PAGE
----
The final bell rings for primary school
It is the end of an era as pupils leave a Wigan school for the very last time today.
The final classes will be held, the last dinners will be served and goodbyes will be said at Shevington Community Primary School.
More than 200 years since it opened as Broad o’th’ Lane School, it is time to close the doors.
Council bosses decided one of the three schools in the Shevington Federation had to shut due to surplus places and the cost, and Shevington Community Primary was chosen.
It will bring to an end the tradition of generations of village families walking through the hallways and attending lessons at the school.
Executive headteacher Karen Tomlinson said: “I have lived in this community for 25 years and my children came to the nursery school here, so I’m quite attached to it even though I’m new, and I do think it’s very sad as to what’s happened.
“But I want to give credit to the staff here. Even throughout the difficult 18 months, the staff have shown me so much support, and the previous executive headteacher, in ensuring the children have not lost out at all.”
Head of school Gill Smith said: “It’s such a privilege to work here. The whole community is fantastic.”
Louise Wade, a volunteer archivist, said: “It’s the kind of school that people go to for generation and generation.
“Children who are here now, their grandparents and great-grandparents came here.”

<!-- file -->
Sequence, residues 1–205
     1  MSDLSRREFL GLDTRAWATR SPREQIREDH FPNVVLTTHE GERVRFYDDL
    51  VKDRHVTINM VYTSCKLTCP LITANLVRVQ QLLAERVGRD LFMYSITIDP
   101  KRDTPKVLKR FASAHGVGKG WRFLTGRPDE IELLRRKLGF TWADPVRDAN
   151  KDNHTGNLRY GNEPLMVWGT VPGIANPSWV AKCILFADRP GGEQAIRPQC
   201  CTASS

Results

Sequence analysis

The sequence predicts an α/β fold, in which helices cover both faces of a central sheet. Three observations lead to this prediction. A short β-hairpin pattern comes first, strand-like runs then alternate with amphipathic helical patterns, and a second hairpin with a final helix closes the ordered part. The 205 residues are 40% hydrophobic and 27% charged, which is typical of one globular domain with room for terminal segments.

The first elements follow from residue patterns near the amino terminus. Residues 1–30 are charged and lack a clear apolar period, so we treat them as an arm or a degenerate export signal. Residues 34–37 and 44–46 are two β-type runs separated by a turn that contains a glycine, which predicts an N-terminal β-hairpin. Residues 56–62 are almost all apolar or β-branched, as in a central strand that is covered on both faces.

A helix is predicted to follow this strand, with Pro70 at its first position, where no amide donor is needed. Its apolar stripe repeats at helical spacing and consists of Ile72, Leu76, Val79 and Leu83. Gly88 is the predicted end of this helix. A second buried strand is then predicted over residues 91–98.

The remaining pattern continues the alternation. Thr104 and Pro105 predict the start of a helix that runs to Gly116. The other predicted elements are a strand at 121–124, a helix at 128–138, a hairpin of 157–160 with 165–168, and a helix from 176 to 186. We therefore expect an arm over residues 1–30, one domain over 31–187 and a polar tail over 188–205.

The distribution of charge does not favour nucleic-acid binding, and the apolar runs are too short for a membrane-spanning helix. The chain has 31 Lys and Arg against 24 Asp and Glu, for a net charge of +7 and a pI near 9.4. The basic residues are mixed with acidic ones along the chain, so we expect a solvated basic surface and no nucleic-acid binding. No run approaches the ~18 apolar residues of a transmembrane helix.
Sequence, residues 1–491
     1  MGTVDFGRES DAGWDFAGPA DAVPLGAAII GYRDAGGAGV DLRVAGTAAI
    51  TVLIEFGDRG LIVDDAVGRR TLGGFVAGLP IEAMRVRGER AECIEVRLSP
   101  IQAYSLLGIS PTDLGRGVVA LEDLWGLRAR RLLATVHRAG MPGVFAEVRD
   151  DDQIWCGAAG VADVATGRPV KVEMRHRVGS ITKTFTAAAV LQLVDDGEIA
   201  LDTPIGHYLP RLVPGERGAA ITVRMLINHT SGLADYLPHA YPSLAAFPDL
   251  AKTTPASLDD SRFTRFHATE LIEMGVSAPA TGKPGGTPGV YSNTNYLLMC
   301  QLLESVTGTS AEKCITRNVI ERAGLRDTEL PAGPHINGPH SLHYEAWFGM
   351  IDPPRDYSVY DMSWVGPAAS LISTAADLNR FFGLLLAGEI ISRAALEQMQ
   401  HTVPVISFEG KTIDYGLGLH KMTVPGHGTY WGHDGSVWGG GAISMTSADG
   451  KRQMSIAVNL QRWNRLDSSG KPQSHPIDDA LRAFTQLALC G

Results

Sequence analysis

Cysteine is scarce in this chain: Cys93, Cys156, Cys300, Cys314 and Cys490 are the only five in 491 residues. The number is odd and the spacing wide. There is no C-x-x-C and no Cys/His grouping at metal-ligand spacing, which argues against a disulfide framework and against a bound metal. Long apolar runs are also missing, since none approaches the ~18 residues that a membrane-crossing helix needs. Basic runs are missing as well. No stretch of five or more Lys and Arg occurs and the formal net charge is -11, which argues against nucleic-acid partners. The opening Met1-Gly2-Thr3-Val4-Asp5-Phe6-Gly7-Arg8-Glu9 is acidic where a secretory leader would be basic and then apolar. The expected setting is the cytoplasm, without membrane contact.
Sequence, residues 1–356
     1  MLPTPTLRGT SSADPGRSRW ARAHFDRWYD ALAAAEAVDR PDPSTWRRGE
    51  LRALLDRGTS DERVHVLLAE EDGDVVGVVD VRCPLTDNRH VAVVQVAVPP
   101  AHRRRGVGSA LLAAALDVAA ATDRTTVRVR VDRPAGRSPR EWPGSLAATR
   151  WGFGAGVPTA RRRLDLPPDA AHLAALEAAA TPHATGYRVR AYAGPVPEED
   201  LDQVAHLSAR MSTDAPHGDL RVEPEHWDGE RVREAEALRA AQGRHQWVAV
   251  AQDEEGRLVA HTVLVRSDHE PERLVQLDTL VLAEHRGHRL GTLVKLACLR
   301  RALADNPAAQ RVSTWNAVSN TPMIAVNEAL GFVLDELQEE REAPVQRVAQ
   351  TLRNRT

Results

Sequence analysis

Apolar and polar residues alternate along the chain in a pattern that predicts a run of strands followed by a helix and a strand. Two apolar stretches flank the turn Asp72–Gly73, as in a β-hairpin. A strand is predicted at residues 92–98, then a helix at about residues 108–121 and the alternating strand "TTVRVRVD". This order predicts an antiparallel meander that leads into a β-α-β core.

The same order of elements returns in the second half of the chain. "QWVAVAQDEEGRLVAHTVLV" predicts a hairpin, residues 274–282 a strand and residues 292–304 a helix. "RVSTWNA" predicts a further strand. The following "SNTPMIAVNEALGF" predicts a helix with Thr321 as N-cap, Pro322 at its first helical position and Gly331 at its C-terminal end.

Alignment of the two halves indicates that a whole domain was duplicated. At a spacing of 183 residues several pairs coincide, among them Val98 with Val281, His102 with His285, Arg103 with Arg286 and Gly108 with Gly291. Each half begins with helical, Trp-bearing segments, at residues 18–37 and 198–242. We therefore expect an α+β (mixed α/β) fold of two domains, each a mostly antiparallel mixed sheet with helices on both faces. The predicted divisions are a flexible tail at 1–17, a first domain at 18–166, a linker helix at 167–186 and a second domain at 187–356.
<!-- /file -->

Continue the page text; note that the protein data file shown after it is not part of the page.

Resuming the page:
Jean Bretherton, who works as the school crossing patrol and a kitchen assistant, said the members of the school community made it special.
“It’s the people - children, parents - everybody was so friendly with me the first week I came,” she said.
Broad o’th’ Lane School opened its doors in 1814 and was founded by the vicar of Standish, the Reverend Richard Perryn.
Education was not compulsory at that time and boys and girls from all kinds of families could attend.
Mrs Wade has been looking into the school’s archives for the past two years and compiling its history.
Some of the earliest records are from Victorian times, including weekly diaries kept by the headteacher going back to 1872.
She said: “It was a very rural community around here in Victorian times so most children came from either farming families or canal families, going up the Leeds-Liverpool Canal.”
She said children living on farms would walk to the school from quite a large area, as well as going home and back at lunchtime. This led to attendances dropping if the weather was bad or if children were needed to help during harvest.
Children were traditionally taught the “three Rs” but also had object lessons, where they learned about silk or glass for example.
And each year they had to learn a poem and recite it when an inspector visited.
There have been many changes to the school over the years, with the original building on Miles Lane now two houses.
The school moved into its current nearby building in the 1920s and it has been extended several times.
It was originally heated by coal fires and around 100 children would be taught in one room by a single teacher and two pupil-teachers, who were teenagers training to become teachers.